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Roche NimbleGen CGH Arrays Facilitate Cross-Species Study on Colorectal Cancer in Humans and Canines
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Roche NimbleGen CGH Arrays Facilitate Cross-Species Study on Colorectal Cancer in Humans and Canines

Roche NimbleGen CGH Arrays Facilitate Cross-Species Study on Colorectal Cancer in Humans and Canines
News

Roche NimbleGen CGH Arrays Facilitate Cross-Species Study on Colorectal Cancer in Humans and Canines

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In a recently published study in the journal Genome Research, a team of scientists led by Dr. Shaying Zhao at the University of Georgia have developed a novel cross-species comparative genomics and oncology strategy for cancer driver gene discovery, using microarray technologies from Roche NimbleGen, that differs fundamentally from current approaches which focus on human cancers only.

This study used NimbleGen CGH arrays to pinpoint genes likely responsible for colorectal cancer (CRC) by identifying genomic copy number abnormalities (CNAs) that are common in both canine and human CRC research samples (Genome Research, 2010, 20:341). The results of this study could have significant implications on research to develop future diagnostic assays and treatments for this devastating disease.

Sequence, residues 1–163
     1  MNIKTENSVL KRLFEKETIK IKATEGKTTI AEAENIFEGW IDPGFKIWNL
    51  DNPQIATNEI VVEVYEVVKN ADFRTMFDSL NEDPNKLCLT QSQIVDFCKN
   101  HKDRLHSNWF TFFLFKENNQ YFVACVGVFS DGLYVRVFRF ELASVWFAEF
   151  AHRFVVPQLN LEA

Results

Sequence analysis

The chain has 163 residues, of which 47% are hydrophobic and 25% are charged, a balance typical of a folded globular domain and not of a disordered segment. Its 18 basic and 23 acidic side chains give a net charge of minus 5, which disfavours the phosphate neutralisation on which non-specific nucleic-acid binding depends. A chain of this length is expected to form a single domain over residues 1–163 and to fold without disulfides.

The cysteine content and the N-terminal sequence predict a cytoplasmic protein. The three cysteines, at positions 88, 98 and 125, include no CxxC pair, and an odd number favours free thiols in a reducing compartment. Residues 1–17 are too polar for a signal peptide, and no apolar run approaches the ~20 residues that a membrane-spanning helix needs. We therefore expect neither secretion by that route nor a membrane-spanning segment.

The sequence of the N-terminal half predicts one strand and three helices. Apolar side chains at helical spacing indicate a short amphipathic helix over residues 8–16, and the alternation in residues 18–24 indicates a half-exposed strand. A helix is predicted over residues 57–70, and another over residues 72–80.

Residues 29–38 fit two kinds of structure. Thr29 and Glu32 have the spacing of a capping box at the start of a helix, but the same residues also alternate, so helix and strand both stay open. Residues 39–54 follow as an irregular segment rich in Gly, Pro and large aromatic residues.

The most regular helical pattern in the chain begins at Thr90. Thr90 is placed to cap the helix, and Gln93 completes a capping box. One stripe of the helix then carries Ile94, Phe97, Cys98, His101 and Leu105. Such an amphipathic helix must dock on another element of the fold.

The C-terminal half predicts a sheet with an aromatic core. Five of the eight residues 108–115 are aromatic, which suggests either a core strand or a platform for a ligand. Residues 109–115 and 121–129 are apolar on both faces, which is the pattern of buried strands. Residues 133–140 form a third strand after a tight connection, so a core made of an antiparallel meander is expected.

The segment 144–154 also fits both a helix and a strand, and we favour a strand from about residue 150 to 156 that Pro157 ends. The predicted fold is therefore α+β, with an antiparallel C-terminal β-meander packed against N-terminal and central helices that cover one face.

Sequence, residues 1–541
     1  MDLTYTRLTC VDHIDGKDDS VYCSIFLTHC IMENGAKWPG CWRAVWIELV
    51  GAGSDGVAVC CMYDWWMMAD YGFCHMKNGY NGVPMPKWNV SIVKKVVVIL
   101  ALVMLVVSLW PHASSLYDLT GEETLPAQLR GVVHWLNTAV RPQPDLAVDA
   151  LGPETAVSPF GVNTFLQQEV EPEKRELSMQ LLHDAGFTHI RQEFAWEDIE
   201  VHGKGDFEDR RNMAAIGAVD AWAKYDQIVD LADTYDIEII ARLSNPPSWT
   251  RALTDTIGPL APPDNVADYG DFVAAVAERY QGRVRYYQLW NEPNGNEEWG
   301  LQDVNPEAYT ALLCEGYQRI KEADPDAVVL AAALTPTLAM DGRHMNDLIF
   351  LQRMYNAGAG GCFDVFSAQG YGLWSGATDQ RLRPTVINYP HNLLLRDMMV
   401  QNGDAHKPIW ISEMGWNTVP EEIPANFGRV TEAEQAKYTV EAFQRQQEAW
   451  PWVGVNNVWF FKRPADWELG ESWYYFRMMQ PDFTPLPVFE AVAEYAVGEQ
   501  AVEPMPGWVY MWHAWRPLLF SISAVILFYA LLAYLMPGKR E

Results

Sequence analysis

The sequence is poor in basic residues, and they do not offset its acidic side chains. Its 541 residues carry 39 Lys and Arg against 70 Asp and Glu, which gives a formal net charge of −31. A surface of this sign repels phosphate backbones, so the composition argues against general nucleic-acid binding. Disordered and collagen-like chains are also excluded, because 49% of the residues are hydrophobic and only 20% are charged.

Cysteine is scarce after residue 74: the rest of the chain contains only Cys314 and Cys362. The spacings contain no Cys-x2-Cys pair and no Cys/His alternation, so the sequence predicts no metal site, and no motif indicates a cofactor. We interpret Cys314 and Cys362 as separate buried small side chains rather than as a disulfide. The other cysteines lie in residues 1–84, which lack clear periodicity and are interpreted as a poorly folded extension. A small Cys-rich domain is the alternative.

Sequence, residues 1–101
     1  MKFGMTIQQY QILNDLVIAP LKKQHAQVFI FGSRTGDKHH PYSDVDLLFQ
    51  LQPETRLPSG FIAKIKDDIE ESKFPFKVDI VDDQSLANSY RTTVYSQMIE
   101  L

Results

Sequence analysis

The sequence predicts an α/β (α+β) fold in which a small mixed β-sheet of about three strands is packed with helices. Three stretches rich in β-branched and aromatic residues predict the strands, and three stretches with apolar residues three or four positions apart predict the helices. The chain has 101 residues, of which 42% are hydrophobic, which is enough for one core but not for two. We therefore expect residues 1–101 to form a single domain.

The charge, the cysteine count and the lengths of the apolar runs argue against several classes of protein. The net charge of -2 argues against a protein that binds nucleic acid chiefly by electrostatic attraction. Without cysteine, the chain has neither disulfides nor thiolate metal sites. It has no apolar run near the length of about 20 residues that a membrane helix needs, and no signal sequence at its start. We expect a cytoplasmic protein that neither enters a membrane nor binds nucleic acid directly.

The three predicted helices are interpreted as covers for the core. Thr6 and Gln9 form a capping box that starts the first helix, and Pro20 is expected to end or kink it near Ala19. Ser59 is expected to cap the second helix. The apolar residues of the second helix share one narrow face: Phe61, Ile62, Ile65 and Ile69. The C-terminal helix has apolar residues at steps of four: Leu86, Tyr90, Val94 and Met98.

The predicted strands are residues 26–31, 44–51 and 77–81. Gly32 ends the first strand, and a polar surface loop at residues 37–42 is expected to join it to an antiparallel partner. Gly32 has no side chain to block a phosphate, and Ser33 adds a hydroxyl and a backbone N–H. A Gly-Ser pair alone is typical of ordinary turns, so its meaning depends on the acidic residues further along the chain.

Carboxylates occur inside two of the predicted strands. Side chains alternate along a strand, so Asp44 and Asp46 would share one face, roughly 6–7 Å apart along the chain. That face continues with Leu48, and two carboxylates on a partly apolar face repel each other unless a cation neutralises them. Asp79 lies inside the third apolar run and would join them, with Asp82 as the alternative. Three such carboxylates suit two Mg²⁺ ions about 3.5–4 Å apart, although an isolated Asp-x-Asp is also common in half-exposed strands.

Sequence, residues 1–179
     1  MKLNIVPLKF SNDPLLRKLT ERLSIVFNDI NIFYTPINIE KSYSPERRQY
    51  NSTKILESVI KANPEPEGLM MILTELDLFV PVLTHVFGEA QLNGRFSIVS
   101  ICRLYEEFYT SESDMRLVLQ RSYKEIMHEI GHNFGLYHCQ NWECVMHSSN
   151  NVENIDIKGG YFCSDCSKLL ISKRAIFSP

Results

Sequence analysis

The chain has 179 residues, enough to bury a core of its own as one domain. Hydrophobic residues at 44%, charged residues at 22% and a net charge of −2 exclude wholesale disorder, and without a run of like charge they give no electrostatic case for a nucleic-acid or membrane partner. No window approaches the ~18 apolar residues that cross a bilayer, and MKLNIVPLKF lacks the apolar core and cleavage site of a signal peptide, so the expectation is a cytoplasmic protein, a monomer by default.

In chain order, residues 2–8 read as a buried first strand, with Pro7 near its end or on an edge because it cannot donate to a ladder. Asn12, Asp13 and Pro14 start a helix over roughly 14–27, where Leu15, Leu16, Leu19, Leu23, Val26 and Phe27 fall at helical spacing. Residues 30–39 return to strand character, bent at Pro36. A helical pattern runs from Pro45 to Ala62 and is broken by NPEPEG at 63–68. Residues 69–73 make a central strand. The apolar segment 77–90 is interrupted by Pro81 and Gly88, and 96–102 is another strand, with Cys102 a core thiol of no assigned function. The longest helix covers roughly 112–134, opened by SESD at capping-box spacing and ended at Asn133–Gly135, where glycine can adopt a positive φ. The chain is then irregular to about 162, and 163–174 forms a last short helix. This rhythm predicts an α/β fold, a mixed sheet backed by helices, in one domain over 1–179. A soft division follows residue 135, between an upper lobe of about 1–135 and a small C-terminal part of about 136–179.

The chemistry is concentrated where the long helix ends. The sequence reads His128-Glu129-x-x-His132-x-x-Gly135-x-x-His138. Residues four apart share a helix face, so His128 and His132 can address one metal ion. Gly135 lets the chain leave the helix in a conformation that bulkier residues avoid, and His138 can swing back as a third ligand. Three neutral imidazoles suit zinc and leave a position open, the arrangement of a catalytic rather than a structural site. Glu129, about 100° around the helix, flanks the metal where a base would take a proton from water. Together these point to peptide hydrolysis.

Colorectal cancer is one of the most common cancers affecting humans globally. The National Cancer Institute recently reported CRC as the third most commonly diagnosed cancer in addition to being the third leading cause of cancer-related deaths in the United States. While early screening and risk factor modification is contributing to the downward trend of mortality rate for this disease, significant research is still needed to identify the genomic cause of this cancer.

In recent years, increasing evidence for the contribution of CNAs to cancer development and progression has been reported. CNAs are most easily detected using microarray-based comparative genomic hybridization (CGH), where entire genomes of healthy and cancer samples are compared in a single experiment. As these changes can be numerous and complex in certain cancers, especially those from advanced stage cancers, it is challenging to determine which CNAs are cancer-causing and which are non-causative changes.

To test the hypothesis that CNAs common in both human and dog CRC are more likely to be the direct cause of CRC, Dr. Zhao’s team used NimbleGen CGH microarrays to first characterize CNAs in human CRC and canine CRC samples.
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